I get flamed everytime I say it.....Without wage increases...there is no SUSTAINABLE inflation.  I am done arguing hte point, I have done it over and over.  I am leaving it like that, you are free to shoot me down.  i am no longer defending it, despite the fact that the last 2 years prove my points.

Cyan Lite's picture

Well of course nothing ever lasts forever, but it can last for an extended period of time, ala the WIN - Whip Inflation Now theme of the 70s and 80s.  10 years is long enough to cause real pain for the majority of Americans.

trav7777's picture


Every massive inflation featured high unemployment - ALL of them.  That creates the condition for the devaluation.

You guys cannot see the forest for the trees...I ask you, what is the VALUE of a dollar when credit cannot and will not grow?

Gold and oil are discounting a drop in the value of the dollar.  I submit that the dollar is doomed as a forward proposition simply because credit ISN'T growing and will not grow.

All of this relentless credit deflation yet the dollar prices of commodities all across the board are rising.  Why is the Yen POG at all-time highs?  The Euro POG?  What is gold discounting in the Euro?  Collapse!  Invalidity as a fundamental institution.

You deflationists are *correctly* pointing out that we are facing a massive credit collapse, yet you cling to the debtpaper.  The dollar is a promissory note, ok?  It has no special powers because of the ink printed on it; it's just a debt instrument frankly indistinguishable from a lot of others.

When nobody will lend the US Gov't any dollars other than the Fed, what is the value of the FRN?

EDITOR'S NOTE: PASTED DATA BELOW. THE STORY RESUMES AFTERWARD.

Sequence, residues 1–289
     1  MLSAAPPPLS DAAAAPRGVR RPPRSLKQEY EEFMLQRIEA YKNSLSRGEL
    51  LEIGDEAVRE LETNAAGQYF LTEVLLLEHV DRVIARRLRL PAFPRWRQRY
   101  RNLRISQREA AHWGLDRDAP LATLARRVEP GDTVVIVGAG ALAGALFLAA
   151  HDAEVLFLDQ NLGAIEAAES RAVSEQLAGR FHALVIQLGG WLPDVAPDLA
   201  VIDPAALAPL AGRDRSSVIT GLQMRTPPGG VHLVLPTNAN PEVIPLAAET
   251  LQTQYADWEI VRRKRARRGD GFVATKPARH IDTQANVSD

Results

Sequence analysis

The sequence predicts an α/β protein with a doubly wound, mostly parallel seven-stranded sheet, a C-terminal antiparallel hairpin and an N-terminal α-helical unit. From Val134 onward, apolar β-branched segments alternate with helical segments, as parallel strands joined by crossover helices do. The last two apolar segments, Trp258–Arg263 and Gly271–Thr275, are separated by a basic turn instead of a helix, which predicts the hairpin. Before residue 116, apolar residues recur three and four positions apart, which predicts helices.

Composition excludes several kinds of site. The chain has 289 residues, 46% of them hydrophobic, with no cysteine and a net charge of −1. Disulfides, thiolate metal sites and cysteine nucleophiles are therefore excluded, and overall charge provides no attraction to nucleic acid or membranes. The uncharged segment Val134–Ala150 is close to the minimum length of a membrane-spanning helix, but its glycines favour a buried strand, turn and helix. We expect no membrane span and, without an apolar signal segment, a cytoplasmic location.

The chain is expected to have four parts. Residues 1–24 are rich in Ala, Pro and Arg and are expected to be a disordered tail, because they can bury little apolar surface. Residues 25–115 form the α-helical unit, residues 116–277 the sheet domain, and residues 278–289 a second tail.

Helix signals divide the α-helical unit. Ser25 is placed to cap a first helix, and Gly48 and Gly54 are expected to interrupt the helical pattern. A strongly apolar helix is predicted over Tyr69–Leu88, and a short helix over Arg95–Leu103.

Cyan Lite's picture

When nobody will lend the US Gov't any dollars other than the Fed, what is the value of the FRN?

If your FRNs are worthless, please send them all to me.

tmosley's picture

People are still lending to the US government.  Or did you forget to read the first part of the sentence?

I'd be happy to send you all my FRNs in exchange for gold, at or below market rates.  Better yet, you short gold on margin, and I'll take delivery, and we'll see who wins.

trav7777's picture send me something in return that I want.

My FRNs buy 50% less oil than they did last year, bud.  I'm not happy about my priceless FRNs.

CYR comes from the TF school of Douchinger suckups who can't trust their own lyin eyes on what the almighty fuckin MARKET is telling them about fiat paper and debt!

They're as bad as the ZH goldbugs to whom every single dollar price drop in the POG is MANIPULATION.

For the TF Douchingites, every rise in the POG is MANIPULATION (by speculators).

Oil CAN'T be in supply decline, Gold CAN'T be in supply's all "speculators," just like the fuckin price of Greek bonds!  Peak oil doesn't exist, it's all just MANIPULATION and scheming by people who outwardly appear to be incompetent. 

jimmyjames's picture
by trav7777
on Mon, 04/05/2010 - 14:27
#287246 send me something in return that I want.

My FRNs buy 50% less oil than they did last year, bud.  I'm not happy about my priceless FRNs.


Your FRN's buy you twice as much oil as the did "2" years ago--

What's your thoughts to that inconvient truth?

jimmyjames's picture
by trav7777
on Mon, 04/05/2010 - 10:41



Every massive inflation featured high unemployment - ALL of them.  That creates the condition for the devaluation.


LOL again--note: 2001-2007 "massive inflation"--"low unemployment"

AR15AU's picture

Hi.  Price of oil.  kthanxbai

jimmyjames's picture
by Mako
on Mon, 04/05/2010 - 09:13


Inflation is the increase of the money supply.  In the system you have today you use credit as money.   The amount of "money" or "credit" is not inflating, it's deflating.  See Federal Reserve Z1 report.

If you can supply your own credit then there is no reason for the credit to exist to start with.  

Inflation is dead for a generation or two, if they start using nukes humans might be deflated to zero.


Your right--why people think rising oil or commodity prices equate to inflation is beyond me--

Credit is dead--banks wont lend into a contracting economy--people who want to borrow can't-people who could borrow wont-so how can that be inflationary?

Before we ever see inflation again-credit must flow first--

That isn't looking so hot at this point--

Velocity of money in circulation is contracting-even while base money supply is increasing--

Until credit starts flowing and velocity starts increasing-forget about inflation--

Unemployed people do not borrow and they curb spending-businesses-do not expand in a contracting economy and do not borrow or spend--